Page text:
Who should you vote for? An Apolitical Analyzation


A screenshot of a debate that I watched three times to try and understand either of the candidates’ policies. I think this is what finally pushed me over the edge.

A lot of people believe that the fate of the world hinges on the upcoming presidential election; from the wildfires that plagued the west coast earlier this year to the actual plague that has wreaked havoc across the globe, people are counting on our next president to successfully lead our country into a more positive decade. I may not know what inflation is or what the national debt is (like, actually. who are we in debt to? The Avengers?), but I can assure you that these are part of issues that have been here long before this election and they will be prevalent long after either of the candidates leave office, no matter how effective they believe their strategies to be. Personally, I’m going to be voting based on which candidate has the best campaigning strategy, because that’s what’s important to me, and also because I’ve seen the last few debates and no one was actually talking about their policies or political beliefs. 

Let’s talk about our current president first: many remember Donald Trump’s campaign strategies from the last election, including but not limited to: tweeting at 3 AM, making fun of his opposition’s families, and bullying the actual candidate running against him. He continues to implement such strategies this year, by calling Joe Biden’s son a loser and talking about his drug addiction, as well as dubbing the Vice President “Sleepy Joe”. Zero out of ten. Not cool and not effective, dude. Who were you even trying to impress?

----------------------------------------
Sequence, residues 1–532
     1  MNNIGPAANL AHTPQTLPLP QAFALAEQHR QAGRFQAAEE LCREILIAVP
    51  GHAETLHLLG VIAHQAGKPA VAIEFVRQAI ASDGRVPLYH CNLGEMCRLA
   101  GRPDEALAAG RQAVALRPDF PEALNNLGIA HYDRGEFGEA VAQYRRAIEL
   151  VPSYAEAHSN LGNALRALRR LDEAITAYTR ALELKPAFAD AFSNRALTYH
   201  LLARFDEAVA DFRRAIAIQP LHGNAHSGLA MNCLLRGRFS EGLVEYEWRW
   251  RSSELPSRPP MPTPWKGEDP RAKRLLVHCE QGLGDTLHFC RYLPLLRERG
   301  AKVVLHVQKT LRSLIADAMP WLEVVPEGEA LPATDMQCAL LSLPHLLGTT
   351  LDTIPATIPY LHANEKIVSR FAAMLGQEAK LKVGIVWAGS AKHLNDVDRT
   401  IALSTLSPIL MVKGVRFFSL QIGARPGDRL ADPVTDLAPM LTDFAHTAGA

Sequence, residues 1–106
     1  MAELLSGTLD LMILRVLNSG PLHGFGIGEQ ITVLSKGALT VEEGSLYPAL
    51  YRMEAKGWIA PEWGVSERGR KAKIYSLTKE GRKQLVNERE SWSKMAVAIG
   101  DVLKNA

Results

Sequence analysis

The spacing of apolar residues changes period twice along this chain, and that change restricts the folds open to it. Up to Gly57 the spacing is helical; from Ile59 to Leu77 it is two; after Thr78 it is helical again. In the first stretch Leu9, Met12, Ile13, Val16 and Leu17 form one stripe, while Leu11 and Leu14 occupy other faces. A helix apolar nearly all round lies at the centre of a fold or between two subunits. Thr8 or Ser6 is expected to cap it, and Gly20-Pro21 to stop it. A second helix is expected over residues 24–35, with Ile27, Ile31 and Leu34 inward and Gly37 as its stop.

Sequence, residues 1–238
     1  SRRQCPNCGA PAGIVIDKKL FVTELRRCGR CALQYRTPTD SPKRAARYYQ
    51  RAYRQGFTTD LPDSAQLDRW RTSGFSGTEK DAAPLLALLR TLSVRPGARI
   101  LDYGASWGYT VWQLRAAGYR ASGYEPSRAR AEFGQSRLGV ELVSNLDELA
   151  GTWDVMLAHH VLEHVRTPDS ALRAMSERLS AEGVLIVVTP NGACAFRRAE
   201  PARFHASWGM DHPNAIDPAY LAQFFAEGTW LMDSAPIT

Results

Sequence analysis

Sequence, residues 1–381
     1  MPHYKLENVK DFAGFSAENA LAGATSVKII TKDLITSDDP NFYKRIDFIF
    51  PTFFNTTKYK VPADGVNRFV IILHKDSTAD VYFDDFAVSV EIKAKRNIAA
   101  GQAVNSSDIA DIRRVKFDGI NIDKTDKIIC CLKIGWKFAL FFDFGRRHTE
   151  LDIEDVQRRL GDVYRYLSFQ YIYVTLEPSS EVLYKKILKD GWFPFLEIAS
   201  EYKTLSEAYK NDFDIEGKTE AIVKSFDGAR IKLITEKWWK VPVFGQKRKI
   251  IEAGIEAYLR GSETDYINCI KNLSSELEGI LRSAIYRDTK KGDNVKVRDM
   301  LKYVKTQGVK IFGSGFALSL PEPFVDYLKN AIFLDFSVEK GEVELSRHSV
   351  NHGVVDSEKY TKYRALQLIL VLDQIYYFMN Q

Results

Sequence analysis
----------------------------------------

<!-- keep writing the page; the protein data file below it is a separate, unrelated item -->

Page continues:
Joe Biden, or rather, the tiktok-savvy millennials who run Biden’s merch team, are much better at making their merch more appealing to teenagers on social media. This would be fantastic, if teenagers on social media could vote in the upcoming election. Unfortunately, nobody over the age of 35 will appreciate the irony of selling a flyswatter after the vice-presidential debate. Both candidates also sell the typical “So-and-so 2020” yard signs, sweatshirts, and coffee mugs. These almost never look flattering, because they always use red and blue- colors have never, and will never look good together. Apparently, none of the founders of America ever studied color theory. Additionally, these products are only technically in season for about two months. What are you supposed to do with them if your candidate loses? Imagine if you were flying a Trump 2020 flag and he lost. That’s so embarrassing. 

Unfortunately, both marketing strategies are pretty abysmal, but it’s clear that one is slightly less abysmal than the other. For this reason, even when it comes to voting based on aesthetics, we must settle the only slightly better candidate rather than someone who’s actually good.